chasing the dragon posterWhen it comes to Mainland China anything goes so long as you set your movie before 1949. In Hong Kong it seems the same thing is true only the cut off date is 1997. Wong Jing and Jason Kwan’s surprisingly glossy Chasing the Dragon (追龍) follows two giants of 1960s Hong Kong in Crippled Ho whose life was previously brought the screen in 1991’s To Be Number One, and crooked (but only in a nice way) policeman Lee Rock who is played by Andy Lau – the very same part he inhabited in a series of films over 25 years ago. Marking a first time collaboration between martial arts superstar Donnie Yen and veteran leading man Lau, Chasing the Dragon firmly points its finger at the rotten roots of colonial corruption which, apparently, allowed such lawless times to endure in order to reap their copious rewards.

In 1963, Crippled Ho (Donnie Yen) smuggles himself into Hong Kong from the Mainland along with three of his friends and his little brother Peter. The boys find it hard to get honest work and are largely existing as hired muscle – or rather they’re supposed to get paid $30 to stand at the back make the local gangster’s gang look more impressive than it really is. One fateful day they get hired by Will, Grizzly Bear’s fixer, to hang around at a supposed confrontation with rival gangster Comic only this time the fight, which has been organised to put a damper on the birthday celebrations of crooked police chief Ngan, breaks out for real. Crippled Ho and the guys are skilled fighters who’d really rather avoid getting involved so they steal some police uniforms and try to escape by blending in but they’re caught by vicious British cop Hunter (Bryan Larkin) and nearly beaten to death before being rescued by the less corrupt Lee Rock (Andy Lau).

This first confrontation sets the tone for the remainder of the film as Crippled Ho, a vicious, ruthless, and ambitious gangster is repeatedly plagued by Hunter – the typically racist, corrupt, incompetent, greedy, and amoral sort which seems to define British officialdom across the Empire. Empire is the big enemy here (though it’s easy enough for one Empire to stand in for another) as pictures of the Queen reign supreme and men like Hunter think they can do whatever they like because colonial life is cheap. Lee Rock knows his place with the system and is content to play it. He warns Ho that pretty much anything goes, but the Brits are off limits because it’s the authorities that are bankrolling this illicit economy and any attempt to bite the hand that feeds threatens to bring the entire system crashing down.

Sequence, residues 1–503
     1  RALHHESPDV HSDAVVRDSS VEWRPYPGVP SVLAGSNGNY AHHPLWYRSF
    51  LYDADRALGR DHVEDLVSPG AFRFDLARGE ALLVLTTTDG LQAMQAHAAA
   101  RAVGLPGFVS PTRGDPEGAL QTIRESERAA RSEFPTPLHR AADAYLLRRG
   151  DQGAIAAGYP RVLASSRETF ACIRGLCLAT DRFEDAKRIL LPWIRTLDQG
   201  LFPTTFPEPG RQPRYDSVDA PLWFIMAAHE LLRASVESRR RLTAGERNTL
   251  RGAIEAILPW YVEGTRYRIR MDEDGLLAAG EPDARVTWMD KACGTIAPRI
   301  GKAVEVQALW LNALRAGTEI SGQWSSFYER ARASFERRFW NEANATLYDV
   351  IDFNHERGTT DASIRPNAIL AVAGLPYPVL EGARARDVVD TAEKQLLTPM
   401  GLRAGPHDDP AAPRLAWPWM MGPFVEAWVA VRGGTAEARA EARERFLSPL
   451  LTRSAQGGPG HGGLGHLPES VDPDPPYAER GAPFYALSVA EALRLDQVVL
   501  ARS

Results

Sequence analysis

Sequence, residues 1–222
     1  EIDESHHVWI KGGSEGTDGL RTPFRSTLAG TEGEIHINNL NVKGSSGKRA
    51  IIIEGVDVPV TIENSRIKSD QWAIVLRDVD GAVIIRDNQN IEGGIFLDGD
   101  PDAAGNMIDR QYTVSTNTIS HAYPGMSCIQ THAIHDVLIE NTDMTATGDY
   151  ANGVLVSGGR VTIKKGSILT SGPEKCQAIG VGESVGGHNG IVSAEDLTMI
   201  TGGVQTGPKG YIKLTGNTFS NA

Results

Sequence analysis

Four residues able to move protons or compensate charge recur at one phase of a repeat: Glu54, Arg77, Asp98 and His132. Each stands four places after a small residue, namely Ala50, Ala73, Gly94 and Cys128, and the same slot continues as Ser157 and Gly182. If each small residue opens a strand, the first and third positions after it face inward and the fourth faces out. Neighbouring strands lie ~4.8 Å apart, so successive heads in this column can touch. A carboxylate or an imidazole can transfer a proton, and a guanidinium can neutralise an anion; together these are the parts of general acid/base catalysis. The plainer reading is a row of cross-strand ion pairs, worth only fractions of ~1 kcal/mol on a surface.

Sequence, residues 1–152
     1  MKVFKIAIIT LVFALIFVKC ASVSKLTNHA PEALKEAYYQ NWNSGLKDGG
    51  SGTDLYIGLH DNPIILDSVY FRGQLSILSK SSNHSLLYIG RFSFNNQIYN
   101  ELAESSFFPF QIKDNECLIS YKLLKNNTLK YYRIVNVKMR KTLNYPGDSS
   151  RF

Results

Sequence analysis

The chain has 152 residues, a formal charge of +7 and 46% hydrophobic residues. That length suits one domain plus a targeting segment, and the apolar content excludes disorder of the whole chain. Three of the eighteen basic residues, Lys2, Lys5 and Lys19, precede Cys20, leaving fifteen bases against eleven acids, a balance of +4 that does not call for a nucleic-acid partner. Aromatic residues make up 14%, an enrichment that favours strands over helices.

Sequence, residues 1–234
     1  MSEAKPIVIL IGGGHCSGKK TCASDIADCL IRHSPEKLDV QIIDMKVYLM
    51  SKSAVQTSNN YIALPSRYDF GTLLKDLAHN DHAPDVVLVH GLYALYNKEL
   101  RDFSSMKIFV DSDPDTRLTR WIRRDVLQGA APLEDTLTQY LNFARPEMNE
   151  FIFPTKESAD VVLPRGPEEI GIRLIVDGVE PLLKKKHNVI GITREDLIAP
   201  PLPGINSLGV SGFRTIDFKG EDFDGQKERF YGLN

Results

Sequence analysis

As revealed in Ho’s opening voice over, ’70s Hong Kong was a haven of corruption in which the authorities collaborated with the Triads partly as a way of appeasing them but also as a way to make money. Unlike his incorruptible buddy, Lee Rock is as corrupt as they come – setting himself a target of $500 million and becoming actively involved in the drugs trade. He does, however, have his limits and makes sure to always play within the “rules”. The rules go awry when Rock decides to try deposing an unpredictable gang leader in favour of a more stable one and gets trapped inside Kowloon Walled City only for Ho to come to his rescue in answer of their debt of loyalty.

Despite their positions at opposite ends of the spectrum, Lee Rock and Crippled Ho generate a genuine brotherhood during the ten years which see their ascent to the top of the Hong Kong criminal tree. The launch of ICAC in 1974 which aims to eradicate corruption across the board threatens to bring the party to an end with its obvious desire for efficacy in refusing to hire the same old stooges who will do nothing, and actually arresting some of the most notorious abusers of power. Wong and Kwan end the film with a frankly ridiculous statement that thanks to ICAC and the retreat of the British, corruption has now been completely eradicated from Hong Kong along with colonial rule. Yet, in keeping with censorship guidelines, both Rock and Ho are allowed to appear in an epilogue sequence in which they have an emotional conversation revealing the ways crime has not paid for them in the way they hoped it might.

Dripping with period detail and thankfully reining in some of the more outlandish elements and unwise comedy Wong is often known for Chasing the Dragon is also a surprisingly bloody affair as ears are sliced off, severed heads appear in boxes, and the gang engage in a series of action packed set pieces many of them set in the famed Walled City. Yen and Lau play two sides of the same game while their intense bond is shaken by the need for revenge and a suspicion of betrayal. Wong Jing redeems himself with the assistance of the ever reliable Kwan in a star studded tale of corrupt yet noble criminals daring to rebel against oppression by embracing its amoral rules.


Currently on limited release in UK cinemas.

International trailer (dialogue free)

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